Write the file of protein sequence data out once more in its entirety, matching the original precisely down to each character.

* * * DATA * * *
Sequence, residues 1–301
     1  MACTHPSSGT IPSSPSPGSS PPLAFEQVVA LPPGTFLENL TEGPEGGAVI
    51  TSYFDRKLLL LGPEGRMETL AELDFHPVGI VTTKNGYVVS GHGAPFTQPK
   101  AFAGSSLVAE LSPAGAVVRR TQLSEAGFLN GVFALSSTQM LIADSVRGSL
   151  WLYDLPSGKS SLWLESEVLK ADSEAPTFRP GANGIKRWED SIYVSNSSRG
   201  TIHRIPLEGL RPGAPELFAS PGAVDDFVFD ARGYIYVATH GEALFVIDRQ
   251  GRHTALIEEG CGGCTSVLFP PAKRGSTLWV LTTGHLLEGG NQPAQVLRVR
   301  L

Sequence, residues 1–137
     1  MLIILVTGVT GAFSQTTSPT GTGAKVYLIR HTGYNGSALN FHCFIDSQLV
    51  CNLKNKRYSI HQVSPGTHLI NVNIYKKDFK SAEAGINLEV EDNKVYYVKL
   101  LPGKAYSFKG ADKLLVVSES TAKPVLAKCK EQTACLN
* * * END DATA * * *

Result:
Sequence, residues 1–301
     1  MACTHPSSGT IPSSPSPGSS PPLAFEQVVA LPPGTFLENL TEGPEGGAVI
    51  TSYFDRKLLL LGPEGRMETL AELDFHPVGI VTTKNGYVVS GHGAPFTQPK
   101  AFAGSSLVAE LSPAGAVVRR TQLSEAGFLN GVFALSSTQM LIADSVRGSL
   151  WLYDLPSGKS SLWLESEVLK ADSEAPTFRP GANGIKRWED SIYVSNSSRG
   201  TIHRIPLEGL RPGAPELFAS PGAVDDFVFD ARGYIYVATH GEALFVIDRQ
   251  GRHTALIEEG CGGCTSVLFP PAKRGSTLWV LTTGHLLEGG NQPAQVLRVR
   301  L

Sequence, residues 1–137
     1  MLIILVTGVT GAFSQTTSPT GTGAKVYLIR HTGYNGSALN FHCFIDSQLV
    51  CNLKNKRYSI HQVSPGTHLI NVNIYKKDFK SAEAGINLEV EDNKVYYVKL
   101  LPGKAYSFKG ADKLLVVSES TAKPVLAKCK EQTACLN